research approaches for managing provenance and introduce a consistent terminology. In
section 3 we present our categorization scheme based on a generic view of provenance.
The application of this scheme to study the properties of existing approaches is presented
by means of an example in section 4. Finally in section 5 we cover open research questions
and conclude in section 6.
Overview of Existing Approaches
A broad diversity of terms is used in the literature for provenance related concepts. To
prevent confusion we introduce a consistent terminology for the most important concepts
in data provenance and relate them to the terminology used by other researchers. A number
of synonyms like lineage or pedigree are used for data provenance. We decided to use
the term provenance, because it is short and intuitive. The terms provenance model and
provenance management system are used to distinguish between a conceptual model for
provenance and a system for the management of provenance information. Provenance
was studied for different data models and levels of detail. Each data model has its own
terminology for data and hierarchical structures. We use the term data item for a structural
unit of data, which is the target of provenance management and the notion level of detail
for the granularity of a data item. For example a data item could be an XML-document, a
database tuple, a database relation, a database schema construct or a a file in a file system.
Tuple and relation are two possible levels of detail for a data item in a relational database.
To abstract from different systems for storing data like relational databases, object oriented
databases and file systems, we refer to these storage systems as data repositories. The term
hierarchy position is used for the position of a data item in the structural hierarchy of a
data model. For example, for database tuples the hierarchy position could be represented
by the database and relation the tuple is stored in.
There are two basic views of provenance. The first one describes the provenance of a data
item as the processes that lead to its creation and the other one focuses on the source data
from which the data item is derived from. In contrast to [Tan04], where these concepts
are called provenance of data and provenance of a data product, we use the terms source
provenance and transformation provenance because these notions seem to be more intuitive. The term transformation refers to the creation process itself and the terms source
and result refer to the input and output of a transformation.
Most of the existing research can be classified by their approach to provenance recording.
One research direction focuses on computing provenance information when data is created, while the other computes provenance data when it is requested. Tan [Tan04] refers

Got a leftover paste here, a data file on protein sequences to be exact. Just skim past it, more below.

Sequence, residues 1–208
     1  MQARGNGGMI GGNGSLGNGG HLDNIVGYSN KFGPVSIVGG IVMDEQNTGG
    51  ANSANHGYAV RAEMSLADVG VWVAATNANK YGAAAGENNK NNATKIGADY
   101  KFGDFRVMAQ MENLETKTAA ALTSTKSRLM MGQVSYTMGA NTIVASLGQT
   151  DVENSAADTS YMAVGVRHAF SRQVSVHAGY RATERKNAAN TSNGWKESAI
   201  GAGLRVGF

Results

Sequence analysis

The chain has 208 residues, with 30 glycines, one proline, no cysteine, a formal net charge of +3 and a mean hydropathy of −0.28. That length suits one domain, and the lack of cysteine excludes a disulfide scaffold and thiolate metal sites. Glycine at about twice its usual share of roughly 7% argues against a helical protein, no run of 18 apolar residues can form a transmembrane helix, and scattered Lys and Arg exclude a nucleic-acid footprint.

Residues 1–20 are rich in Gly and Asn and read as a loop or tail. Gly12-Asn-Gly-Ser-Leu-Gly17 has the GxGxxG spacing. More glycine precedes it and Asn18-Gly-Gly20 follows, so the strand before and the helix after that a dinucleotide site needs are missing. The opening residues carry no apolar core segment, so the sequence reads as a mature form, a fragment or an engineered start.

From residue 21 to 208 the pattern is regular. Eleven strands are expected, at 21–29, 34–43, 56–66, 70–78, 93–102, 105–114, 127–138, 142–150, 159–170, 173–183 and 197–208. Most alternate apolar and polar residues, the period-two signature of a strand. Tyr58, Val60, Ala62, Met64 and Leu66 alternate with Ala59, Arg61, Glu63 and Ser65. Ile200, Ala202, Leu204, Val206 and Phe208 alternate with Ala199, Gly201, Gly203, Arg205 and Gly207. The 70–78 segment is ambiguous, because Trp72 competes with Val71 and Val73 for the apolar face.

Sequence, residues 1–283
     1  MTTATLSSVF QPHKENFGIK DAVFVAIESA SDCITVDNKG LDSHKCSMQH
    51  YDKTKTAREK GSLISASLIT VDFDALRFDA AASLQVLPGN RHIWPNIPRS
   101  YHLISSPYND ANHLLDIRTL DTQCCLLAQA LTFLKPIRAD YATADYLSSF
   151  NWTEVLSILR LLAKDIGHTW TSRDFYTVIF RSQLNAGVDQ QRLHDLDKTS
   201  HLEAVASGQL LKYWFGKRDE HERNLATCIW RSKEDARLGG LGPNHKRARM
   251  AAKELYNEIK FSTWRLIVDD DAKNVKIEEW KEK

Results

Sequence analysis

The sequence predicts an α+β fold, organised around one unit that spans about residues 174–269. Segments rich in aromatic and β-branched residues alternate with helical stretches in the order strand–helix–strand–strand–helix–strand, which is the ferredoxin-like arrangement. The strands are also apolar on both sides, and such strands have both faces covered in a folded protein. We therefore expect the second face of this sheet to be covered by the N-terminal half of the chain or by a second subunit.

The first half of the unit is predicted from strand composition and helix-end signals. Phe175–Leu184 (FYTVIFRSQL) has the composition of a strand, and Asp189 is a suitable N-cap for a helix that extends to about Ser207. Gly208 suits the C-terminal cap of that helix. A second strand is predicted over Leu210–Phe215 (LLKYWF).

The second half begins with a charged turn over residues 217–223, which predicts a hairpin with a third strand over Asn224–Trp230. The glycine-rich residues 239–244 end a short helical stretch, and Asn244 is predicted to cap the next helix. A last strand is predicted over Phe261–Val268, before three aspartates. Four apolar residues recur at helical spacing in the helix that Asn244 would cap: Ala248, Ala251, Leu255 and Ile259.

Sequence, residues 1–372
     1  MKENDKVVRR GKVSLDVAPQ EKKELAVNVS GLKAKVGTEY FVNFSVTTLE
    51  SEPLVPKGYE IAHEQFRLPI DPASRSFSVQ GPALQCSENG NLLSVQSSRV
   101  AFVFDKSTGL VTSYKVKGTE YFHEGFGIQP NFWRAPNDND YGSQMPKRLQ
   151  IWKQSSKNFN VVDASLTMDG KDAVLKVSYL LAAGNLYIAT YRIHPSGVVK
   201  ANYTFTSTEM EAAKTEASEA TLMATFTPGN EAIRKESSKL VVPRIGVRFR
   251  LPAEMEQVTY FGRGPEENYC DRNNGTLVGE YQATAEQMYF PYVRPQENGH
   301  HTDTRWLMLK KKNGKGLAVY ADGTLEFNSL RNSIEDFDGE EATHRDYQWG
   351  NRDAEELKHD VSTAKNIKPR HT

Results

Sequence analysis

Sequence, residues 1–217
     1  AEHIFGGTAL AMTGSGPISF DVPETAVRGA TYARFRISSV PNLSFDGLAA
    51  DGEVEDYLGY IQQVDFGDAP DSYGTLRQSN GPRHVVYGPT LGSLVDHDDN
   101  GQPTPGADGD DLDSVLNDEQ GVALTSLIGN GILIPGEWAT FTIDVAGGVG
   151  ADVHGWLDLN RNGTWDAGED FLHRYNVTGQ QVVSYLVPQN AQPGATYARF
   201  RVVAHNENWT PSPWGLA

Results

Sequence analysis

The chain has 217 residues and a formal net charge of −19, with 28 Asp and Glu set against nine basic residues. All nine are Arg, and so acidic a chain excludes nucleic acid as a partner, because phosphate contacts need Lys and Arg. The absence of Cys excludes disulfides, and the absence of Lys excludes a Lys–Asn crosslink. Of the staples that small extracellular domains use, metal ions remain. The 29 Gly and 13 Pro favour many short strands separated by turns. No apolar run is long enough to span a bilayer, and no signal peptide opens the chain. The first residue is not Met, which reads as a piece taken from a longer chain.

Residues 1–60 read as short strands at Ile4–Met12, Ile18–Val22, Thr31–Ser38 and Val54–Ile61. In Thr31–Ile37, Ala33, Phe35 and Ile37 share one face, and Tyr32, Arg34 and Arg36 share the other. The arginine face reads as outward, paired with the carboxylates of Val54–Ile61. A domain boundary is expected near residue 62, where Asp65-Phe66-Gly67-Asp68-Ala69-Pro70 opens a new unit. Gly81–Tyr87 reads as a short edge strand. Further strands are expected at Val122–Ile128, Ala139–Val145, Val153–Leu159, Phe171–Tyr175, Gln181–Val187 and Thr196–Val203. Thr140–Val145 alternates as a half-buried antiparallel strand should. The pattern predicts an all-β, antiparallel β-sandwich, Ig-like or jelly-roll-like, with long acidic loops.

to these approaches as lazy and eager. Most of the eager approaches are based on annotations about source data items and transformations, and most of the lazy approaches rely
on inversion or input tracing of transformations.
Buneman et al. distinguish in [BKT01] between Why- and Where-provenance. While
Why-Provenance captures all source data items that contributed to the creation of a result
data item, Where-provenance captures the concrete origin of a result. We use the terms
contributing source and original source instead of Why- and Where-Provenance. In section 3 these concepts are discussed more in detail.
Several surveys on provenance have been published [BF05, SPG05a, SPG05b], but most
of them cover only a specific type of provenance or separate different kinds of provenance
according to their application domain. In [SPG05b] a taxonomy of provenance systems
is introduced. While forming a valuable overview of existing approaches, this taxonomy
fails in seeing provenance from a more abstract, conceptual point of view.
A number of authors address provenance in the context of services and workflow management. The PReServ (Provenance Recording for Services ) [GMM05, GJM+ 06a, GJM+ 06b]
approach uses a central provenance management service. In [GMM05] this web service
receives messages, called p-assertions, from the web services used for data transformation. The provenance data is stored by the provenance management service in a so-called
provenance store. PReServ uses a common interface to enable different storage systems as
a provenance store. The system relies on the user or service developer to modify existing